Hawaii Attorney General joins lawsuit against pesticide that could harm bees

Image of honey bee boxes among palm trees.

(KHON2) The Hawaii Attorney General joined a multi-state coalition in an ongoing lawsuit against the Environmental Protection Agency’s (EPA) improper use of the pesticide, sulfoxaflor. The Attorney General argued that due to its toxicity, sulfoxaflor poses risks to pollinators – like bees – that are essential to agriculture and the ecosystem.

Neonicotinoids pose undocumented threats to food webs

Image of corn field with "neonicotinoids" warning sign.

(PNAS) “One of the main lessons that emerged from Silent Spring is that we overuse pesticides at our own peril because human and natural environments are unquestionably linked. It is time to revisit these lessons given current use patterns of neonicotinoid insecticides… We contend that the efficient and well-documented transmission of neonicotinoids through tripartite food chains – plant to pest to natural enemy – combined with the diversity of nontarget herbivores on treated plants threatens entire food webs by disrupting arthropod communities and interactions.”

Kind is the first food brand to commit to buying ‘bee-friendly’ almonds

Image of almond blossoms with honey bee.

(Fast Company) The snack company Kind says it plans to source almonds only from “bee-friendly” farmland by 2025. Almond suppliers working with Kind are making two major changes. They’ve stopped using two types of pesticides – neonicotinoids and chlorpyrifos – that can kill bees. They will also convert between 3% to 5% of their orchards to a habitat that supports bees, butterflies and other pollinators.

Beekeeper says nothing can be done to stop New Zealand bees picking up traces of glyphosate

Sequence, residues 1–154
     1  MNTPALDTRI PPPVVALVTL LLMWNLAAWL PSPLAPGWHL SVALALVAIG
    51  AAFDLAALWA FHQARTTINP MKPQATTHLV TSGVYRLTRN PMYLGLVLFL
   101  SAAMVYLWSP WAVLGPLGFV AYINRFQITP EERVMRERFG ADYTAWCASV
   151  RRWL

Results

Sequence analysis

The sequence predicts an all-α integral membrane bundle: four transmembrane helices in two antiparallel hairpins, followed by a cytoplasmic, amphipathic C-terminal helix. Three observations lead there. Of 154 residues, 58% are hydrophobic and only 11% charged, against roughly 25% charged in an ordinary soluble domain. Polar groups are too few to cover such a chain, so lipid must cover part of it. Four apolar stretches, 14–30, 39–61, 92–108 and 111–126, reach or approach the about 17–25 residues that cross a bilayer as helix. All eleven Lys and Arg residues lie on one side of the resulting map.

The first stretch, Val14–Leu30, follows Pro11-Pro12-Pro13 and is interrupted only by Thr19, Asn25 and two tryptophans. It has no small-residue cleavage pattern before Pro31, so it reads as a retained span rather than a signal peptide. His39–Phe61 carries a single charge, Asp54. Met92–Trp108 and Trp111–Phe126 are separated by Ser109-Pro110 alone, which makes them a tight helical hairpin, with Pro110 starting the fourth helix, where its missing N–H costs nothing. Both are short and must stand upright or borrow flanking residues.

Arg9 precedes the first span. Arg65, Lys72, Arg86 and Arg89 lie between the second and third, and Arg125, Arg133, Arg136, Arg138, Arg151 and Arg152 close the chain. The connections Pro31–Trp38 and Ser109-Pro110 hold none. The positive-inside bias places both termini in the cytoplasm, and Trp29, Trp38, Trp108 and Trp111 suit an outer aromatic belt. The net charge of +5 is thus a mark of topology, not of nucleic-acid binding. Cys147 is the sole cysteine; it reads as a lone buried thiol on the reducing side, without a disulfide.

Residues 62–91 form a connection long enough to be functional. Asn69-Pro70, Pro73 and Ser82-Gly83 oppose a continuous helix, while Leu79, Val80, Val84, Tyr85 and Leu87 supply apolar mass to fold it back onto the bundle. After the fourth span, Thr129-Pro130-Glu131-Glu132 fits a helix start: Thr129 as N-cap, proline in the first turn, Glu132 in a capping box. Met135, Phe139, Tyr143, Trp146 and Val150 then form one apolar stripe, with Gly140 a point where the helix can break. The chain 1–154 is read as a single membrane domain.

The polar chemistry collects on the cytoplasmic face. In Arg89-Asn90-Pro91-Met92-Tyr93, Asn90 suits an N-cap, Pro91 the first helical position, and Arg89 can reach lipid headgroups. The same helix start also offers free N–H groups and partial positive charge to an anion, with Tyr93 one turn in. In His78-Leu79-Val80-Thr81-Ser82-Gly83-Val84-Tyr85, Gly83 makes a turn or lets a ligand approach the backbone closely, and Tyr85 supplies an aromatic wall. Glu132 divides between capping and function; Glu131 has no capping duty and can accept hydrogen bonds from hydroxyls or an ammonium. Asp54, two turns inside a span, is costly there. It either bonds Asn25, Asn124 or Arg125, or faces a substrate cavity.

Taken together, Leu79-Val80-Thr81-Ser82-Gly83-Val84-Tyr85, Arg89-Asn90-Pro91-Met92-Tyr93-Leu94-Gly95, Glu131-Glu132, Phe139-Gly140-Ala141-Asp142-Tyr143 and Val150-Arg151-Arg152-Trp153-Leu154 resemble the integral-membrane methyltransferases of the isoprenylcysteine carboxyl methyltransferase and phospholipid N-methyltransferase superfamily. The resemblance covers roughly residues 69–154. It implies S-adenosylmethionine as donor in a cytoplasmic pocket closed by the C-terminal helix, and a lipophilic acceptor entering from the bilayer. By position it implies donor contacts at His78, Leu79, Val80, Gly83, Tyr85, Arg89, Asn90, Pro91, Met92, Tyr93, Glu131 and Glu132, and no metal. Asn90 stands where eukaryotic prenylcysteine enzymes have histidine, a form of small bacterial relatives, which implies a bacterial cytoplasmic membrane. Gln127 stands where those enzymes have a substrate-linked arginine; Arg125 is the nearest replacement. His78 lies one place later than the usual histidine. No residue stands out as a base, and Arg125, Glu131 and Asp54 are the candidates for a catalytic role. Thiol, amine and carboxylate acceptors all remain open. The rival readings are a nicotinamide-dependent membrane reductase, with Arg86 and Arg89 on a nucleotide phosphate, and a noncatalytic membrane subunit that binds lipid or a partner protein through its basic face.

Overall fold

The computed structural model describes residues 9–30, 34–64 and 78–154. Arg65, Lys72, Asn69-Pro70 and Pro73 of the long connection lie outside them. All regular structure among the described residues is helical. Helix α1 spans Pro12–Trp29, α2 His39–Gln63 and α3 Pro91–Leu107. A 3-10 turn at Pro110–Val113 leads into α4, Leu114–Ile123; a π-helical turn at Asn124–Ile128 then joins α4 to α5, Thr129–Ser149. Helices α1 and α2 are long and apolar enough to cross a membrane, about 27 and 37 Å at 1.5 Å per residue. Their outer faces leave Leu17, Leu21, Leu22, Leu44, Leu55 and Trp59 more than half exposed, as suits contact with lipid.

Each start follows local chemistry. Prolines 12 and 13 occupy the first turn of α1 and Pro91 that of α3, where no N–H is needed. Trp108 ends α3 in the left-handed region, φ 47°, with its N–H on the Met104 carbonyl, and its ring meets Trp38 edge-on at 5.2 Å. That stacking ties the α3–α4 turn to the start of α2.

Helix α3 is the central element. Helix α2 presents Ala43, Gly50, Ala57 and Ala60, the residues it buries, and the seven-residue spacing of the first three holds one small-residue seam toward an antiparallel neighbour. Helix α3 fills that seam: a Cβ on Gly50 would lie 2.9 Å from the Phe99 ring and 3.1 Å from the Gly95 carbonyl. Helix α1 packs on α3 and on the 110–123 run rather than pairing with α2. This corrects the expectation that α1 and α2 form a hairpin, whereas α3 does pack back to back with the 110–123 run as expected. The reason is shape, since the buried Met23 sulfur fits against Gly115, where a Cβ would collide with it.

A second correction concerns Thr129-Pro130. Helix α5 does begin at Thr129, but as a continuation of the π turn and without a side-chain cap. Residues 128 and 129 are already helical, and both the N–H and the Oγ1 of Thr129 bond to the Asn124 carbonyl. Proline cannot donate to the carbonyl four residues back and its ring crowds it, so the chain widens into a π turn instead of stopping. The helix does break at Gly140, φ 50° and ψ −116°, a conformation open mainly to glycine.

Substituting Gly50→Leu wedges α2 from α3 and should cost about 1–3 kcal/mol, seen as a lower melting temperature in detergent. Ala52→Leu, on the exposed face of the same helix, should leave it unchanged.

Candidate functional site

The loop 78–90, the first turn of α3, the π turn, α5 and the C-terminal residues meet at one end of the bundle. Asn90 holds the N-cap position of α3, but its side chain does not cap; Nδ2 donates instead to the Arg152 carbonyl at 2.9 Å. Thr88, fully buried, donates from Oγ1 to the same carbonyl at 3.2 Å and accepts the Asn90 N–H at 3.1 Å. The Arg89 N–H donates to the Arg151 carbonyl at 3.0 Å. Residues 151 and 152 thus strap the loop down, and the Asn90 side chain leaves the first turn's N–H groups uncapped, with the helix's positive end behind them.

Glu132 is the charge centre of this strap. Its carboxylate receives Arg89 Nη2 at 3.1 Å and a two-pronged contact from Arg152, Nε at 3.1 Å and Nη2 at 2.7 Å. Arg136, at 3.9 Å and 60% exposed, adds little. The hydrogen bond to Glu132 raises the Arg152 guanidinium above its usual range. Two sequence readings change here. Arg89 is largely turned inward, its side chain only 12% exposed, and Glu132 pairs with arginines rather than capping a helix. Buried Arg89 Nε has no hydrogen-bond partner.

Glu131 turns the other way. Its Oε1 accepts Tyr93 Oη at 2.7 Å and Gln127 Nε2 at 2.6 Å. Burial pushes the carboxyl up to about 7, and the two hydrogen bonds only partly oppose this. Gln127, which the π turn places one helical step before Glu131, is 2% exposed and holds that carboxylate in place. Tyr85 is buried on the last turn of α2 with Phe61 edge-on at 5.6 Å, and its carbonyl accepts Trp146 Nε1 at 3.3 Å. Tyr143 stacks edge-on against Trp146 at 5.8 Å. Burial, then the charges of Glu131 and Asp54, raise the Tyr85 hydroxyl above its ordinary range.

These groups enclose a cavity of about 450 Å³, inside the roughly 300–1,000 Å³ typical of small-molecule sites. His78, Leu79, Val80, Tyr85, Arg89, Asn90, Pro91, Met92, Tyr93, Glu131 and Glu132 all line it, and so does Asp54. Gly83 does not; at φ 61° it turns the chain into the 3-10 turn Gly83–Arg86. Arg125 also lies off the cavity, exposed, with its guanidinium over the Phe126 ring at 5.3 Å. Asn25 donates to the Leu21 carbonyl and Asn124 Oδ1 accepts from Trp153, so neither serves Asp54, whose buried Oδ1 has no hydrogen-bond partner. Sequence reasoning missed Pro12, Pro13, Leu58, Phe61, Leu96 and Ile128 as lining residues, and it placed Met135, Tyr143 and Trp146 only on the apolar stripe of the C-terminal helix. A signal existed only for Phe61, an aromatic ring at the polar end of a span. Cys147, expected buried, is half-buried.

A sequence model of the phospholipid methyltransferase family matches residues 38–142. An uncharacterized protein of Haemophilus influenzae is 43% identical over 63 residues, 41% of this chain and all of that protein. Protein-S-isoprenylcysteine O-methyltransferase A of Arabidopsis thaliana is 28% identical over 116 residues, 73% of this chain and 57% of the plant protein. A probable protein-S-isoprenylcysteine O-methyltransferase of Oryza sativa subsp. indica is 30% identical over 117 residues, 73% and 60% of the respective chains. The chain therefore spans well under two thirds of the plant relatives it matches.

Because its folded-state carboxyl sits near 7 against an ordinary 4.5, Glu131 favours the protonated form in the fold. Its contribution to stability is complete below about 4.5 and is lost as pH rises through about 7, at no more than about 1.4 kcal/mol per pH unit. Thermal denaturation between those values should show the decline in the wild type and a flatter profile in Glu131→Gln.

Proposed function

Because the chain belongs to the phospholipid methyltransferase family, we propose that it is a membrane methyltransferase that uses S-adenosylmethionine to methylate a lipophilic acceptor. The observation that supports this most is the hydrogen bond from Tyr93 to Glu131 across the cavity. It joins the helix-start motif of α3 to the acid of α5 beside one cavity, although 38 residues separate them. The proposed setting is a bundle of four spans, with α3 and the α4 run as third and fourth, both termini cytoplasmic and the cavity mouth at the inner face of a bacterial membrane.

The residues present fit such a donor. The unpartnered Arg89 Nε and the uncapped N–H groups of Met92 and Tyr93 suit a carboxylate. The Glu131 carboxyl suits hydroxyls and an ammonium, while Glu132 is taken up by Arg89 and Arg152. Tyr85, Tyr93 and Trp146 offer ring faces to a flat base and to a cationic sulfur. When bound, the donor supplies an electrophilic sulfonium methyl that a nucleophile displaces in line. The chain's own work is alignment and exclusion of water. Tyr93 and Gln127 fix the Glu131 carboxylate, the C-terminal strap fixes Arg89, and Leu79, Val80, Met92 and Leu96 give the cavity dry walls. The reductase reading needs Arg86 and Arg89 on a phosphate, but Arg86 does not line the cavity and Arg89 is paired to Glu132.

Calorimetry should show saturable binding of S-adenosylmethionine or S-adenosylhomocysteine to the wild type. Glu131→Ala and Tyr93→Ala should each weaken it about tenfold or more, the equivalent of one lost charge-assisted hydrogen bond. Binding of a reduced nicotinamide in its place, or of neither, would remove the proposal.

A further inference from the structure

Image of mānuka honey.

(TVNZ) The Ministry for Primary Industries (MPI) first found small traces of the chemical in 22.3% of samples it took from a range of different honey types from across the country. It later discovered further tiny traces in 11 of 60 mānuka honey products purchased from retail outlets. While MPI stresses it’s safe to eat and there is no food safety risk, they admit beekeepers have “little practical means of excluding bees from foraging on plants treated with glyphosate”, saying the only way to be sure is to place a hive in the centre of a 28 square kilometer spray-free area.

EU has failed to halt decline of bees and butterflies, auditors say

Image of honey bee on purple flowers.

(Reuters) The European Court of Auditors looked at the effectiveness of the European Commission’s framework of measures aimed at protecting species also including wasps and beetles – such as its 2018 pollinators and biodiversity to 2020 initiatives. Such policies do not really help with the protection of pollinators, auditors said. The auditors even found that EU rules on pesticides are a main cause of wild pollinator losses.

Honey bee lives shortened after exposure to two widely used pesticides

Image of honey bees of comb.

(Oregon State University) The lives of honey bees are shortened – with evidence of physiological stress – when they are exposed to the suggested application rates of two commercially available and widely used pesticides: sulfoxaflor and flupyradifurone. According to the researchers, this is the first study to investigate sub-lethal effects of these active ingredients.